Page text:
A monk and spiritual leader of Buddhists from Vietnam — who may be compared to the Dalai Lama of Tibet — is this year's recipient of the Pacem in Terris Peace and Freedom Award, made by the Diocese of Davenport.
Thich Nhat Hanh, 89, suffered a severe stroke a year ago and is recovering in California. Bishop Martin Amos of the Diocese of Davenport will meet on Oct. 30 in California with a representative of Nhat Hanh and 120 Vietnamese monastics. They will accept the honor on their leader's behalf.
Nhat Hanh had a friendship with the Rev. Martin Luther King Jr., a previous Pacem in Terris award winner.
Amos will be accompanied by Katie Kiley, Davenport. Kiley proposed Nhat Hanh for the peace award and has championed the monk's life work for the recognition.
Nhat Hanh, Kiley said, is to Vietnamese Buddhists what the Dalai Lama is to Tibet. Both men are brilliant and are refugees.
"They both were exiled from their native countries," she said.
Nhat Hanh was trained in the Mahayana Buddhist tradition and was ordained in 1949, Kiley said. He approached his mission for peace by first writing for it.
He will receive the peace and freedom award on Oct. 31, the 50th anniversary of the year King was selected for the same honor. In the 1960s, the two men built a friendship after Nhat Hanh wrote King and asked him to publicly oppose the Vietnam War.
King responded with his April 1967 anti-war speech, "A Time to Break Silence," at the Riverside Church in New York City.
King also recommended Nhat Hanh for the Nobel Peace Prize in 1967. In a letter to endorse the monk, he wrote: "Nhat Hanh has ... traveled the world, counseling statesmen, religious leaders, scholars and writers, and enlisting their support. His ideas for peace, if applied, would build a monument to ecumenism, to world brotherhood, to humanity."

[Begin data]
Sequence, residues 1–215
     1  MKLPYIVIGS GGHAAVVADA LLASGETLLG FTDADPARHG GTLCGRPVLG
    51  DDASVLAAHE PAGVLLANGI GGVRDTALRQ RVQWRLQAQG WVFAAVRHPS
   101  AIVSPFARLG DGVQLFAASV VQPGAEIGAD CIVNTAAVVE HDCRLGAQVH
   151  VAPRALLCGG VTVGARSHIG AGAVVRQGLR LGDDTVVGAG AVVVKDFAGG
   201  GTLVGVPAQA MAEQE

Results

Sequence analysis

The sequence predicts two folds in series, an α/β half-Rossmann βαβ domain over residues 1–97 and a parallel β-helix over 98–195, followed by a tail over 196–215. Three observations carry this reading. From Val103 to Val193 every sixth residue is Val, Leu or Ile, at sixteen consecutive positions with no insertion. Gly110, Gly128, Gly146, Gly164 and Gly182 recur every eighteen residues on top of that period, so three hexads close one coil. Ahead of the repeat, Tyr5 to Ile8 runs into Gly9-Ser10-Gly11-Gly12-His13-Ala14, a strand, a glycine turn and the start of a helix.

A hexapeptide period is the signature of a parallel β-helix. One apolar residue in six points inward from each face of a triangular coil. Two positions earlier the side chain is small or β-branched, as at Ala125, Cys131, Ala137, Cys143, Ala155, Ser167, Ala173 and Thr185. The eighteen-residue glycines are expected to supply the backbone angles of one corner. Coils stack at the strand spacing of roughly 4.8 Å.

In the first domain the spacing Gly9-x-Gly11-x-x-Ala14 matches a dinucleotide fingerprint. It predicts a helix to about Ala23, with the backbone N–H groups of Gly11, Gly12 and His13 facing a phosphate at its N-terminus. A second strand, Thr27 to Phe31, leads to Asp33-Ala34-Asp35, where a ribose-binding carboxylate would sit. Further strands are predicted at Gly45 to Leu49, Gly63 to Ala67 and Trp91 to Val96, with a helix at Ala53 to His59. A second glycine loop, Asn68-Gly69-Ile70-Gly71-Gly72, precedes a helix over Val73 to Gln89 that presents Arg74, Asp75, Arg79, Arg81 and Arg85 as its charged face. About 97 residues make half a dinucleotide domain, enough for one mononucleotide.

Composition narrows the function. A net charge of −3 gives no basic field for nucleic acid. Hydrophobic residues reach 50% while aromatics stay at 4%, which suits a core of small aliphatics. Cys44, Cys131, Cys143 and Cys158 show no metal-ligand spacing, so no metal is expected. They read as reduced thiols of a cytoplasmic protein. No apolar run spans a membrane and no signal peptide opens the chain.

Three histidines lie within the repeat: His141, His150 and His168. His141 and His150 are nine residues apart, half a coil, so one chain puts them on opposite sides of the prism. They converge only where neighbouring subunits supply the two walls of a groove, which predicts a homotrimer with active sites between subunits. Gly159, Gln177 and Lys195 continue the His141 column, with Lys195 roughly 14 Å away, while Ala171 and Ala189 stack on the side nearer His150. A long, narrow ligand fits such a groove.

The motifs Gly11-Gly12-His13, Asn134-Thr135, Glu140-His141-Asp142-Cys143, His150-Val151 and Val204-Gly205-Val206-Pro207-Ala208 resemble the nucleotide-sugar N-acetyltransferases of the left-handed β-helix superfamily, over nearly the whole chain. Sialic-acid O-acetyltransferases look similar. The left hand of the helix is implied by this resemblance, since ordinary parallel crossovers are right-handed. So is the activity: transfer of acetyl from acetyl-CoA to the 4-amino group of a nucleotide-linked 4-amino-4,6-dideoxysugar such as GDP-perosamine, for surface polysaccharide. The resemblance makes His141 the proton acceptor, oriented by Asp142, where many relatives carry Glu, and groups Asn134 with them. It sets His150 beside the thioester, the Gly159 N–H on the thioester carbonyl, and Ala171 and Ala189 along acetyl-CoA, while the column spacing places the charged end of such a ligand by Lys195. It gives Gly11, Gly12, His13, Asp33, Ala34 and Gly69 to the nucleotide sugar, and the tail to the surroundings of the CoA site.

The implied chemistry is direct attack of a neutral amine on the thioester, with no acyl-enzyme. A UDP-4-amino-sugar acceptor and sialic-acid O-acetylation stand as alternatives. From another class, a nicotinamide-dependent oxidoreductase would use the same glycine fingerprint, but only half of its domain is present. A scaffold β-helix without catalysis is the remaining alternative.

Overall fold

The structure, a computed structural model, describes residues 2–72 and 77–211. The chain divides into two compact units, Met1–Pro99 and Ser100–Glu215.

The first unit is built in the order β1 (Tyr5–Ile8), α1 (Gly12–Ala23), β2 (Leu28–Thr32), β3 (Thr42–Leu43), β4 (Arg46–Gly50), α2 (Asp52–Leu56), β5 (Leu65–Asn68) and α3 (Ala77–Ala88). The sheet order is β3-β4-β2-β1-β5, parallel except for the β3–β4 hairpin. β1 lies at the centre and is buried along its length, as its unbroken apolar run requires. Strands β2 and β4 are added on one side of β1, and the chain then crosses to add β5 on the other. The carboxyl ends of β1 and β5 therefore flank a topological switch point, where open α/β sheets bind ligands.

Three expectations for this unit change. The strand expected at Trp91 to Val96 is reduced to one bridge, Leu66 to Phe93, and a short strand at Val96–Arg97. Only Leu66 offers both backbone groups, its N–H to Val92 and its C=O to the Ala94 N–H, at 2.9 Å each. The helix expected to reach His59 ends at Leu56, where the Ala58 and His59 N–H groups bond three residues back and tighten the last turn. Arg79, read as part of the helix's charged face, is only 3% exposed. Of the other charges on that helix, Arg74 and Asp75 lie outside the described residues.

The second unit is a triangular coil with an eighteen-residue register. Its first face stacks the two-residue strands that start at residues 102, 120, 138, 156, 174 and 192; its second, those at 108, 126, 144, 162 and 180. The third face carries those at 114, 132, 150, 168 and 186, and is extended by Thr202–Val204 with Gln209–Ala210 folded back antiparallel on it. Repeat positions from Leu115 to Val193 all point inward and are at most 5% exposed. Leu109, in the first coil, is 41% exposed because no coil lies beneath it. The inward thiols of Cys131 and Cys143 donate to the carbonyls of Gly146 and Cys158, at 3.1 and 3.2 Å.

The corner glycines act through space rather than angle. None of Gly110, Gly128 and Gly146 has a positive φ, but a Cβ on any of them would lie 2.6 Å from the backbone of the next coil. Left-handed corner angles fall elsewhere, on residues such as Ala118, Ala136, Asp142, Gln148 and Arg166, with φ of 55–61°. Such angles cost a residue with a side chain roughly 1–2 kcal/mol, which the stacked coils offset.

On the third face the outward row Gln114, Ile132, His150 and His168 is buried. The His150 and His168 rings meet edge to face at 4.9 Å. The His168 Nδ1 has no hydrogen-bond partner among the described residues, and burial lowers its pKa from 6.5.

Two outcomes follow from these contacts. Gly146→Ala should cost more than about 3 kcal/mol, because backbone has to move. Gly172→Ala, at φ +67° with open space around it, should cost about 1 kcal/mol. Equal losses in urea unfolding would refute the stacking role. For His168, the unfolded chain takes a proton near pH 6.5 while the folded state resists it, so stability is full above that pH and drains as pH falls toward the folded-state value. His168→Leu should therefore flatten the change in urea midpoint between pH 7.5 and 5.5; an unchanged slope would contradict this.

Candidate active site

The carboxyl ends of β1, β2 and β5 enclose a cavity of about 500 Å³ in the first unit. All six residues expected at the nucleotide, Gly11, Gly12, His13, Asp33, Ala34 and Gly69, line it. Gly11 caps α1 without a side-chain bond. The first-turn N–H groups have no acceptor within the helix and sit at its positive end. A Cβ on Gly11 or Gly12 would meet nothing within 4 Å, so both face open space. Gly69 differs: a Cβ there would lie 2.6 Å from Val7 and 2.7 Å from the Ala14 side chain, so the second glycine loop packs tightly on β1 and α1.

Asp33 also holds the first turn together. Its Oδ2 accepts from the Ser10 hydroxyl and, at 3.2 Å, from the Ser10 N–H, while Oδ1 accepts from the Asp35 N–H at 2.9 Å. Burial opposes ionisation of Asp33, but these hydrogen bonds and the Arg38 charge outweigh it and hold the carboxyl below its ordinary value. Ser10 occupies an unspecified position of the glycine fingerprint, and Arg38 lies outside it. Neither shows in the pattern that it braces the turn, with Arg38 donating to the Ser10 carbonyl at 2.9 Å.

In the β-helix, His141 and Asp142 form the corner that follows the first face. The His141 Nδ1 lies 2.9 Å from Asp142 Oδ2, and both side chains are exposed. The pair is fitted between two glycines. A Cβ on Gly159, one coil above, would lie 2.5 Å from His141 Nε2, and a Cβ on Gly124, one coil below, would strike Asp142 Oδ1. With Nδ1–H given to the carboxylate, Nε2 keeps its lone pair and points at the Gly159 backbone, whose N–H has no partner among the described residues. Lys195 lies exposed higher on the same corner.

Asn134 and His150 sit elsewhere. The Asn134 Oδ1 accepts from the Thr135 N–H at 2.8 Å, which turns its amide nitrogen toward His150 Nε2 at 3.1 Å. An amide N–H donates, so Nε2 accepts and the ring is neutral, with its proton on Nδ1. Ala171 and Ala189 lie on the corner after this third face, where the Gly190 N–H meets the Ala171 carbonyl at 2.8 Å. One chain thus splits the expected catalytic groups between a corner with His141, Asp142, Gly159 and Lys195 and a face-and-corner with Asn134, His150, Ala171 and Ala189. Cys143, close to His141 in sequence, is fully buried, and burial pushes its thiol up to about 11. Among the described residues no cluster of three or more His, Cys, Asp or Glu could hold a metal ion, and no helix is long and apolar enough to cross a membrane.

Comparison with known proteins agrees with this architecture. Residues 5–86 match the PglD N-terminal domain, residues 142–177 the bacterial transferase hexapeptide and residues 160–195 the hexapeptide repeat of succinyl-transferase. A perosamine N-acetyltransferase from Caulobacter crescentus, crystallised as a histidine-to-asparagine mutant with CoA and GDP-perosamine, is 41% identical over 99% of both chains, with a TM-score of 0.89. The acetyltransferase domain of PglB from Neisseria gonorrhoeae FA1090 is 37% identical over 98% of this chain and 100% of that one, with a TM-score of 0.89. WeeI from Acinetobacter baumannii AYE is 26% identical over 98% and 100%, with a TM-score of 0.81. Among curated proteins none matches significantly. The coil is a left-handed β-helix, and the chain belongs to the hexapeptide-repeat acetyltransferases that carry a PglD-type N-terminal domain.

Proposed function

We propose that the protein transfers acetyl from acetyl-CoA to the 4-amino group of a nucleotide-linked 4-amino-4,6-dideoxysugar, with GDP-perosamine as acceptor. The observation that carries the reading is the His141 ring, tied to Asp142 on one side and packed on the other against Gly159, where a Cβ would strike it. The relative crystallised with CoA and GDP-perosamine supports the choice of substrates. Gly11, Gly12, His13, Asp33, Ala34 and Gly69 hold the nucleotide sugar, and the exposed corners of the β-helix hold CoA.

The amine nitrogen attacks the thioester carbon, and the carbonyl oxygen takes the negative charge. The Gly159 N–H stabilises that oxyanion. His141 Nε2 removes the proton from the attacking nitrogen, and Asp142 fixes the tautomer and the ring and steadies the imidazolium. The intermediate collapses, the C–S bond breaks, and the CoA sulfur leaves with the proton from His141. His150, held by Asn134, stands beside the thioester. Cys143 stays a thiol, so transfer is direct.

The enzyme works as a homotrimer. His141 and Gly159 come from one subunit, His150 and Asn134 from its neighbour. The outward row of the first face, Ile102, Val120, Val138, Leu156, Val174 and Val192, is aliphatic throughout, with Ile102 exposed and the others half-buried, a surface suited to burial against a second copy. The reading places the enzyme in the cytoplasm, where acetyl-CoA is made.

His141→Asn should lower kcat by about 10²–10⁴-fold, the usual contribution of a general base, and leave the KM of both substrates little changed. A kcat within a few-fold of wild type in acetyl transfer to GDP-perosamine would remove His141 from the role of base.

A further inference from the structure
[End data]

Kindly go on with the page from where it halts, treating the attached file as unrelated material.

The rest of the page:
Kent Ferris, social action director for the Davenport diocese, sits on the award committee with Kiley. He describes Nhat Hanh as the person who pioneered the idea to combine social action initiatives with Buddhism, which Ferris terms "engaged Buddhism."
Almost 50 years ago, Nhat Hanh's peace efforts escalated in Vietnam, and he was forced to leave his homeland in 1966. He was chosen to represent the Buddhist Peace Delegation to the Paris Peace talks in 1969, which resulted in the signing of the 1973 Paris peace accords. That cemented his exile from Vietnam, according to the diocese.
In 1976, Nhat Hanh attended the World Conference on Religion and Peace in Singapore, where he witnessed the plight of the Vietnamese refugees, or Boat People. He then helped to organize efforts to rescue them.
In 1979, Iowa Gov. Robert Ray accepted resettlement of thousands of the Boat People to the state.
Nhat Hanh founded Plum Village retreat near Bordeaux, France, his home monastery. He also founded three monasteries in the United States, including one, Deer Park, near San Diego. That is where Amos will make the 2015 award. In the spring, there will be a local ceremony to honor Nhat Hanh, Ferris said, involving those in the Buddhist community from the area.
Before his stroke, Nhat Hanh wrote of his approach to ecumenism: "On the altar in my hermitage in France are images of Buddha and Jesus, and every time I light incense, I touch both of them as my spiritual ancestors."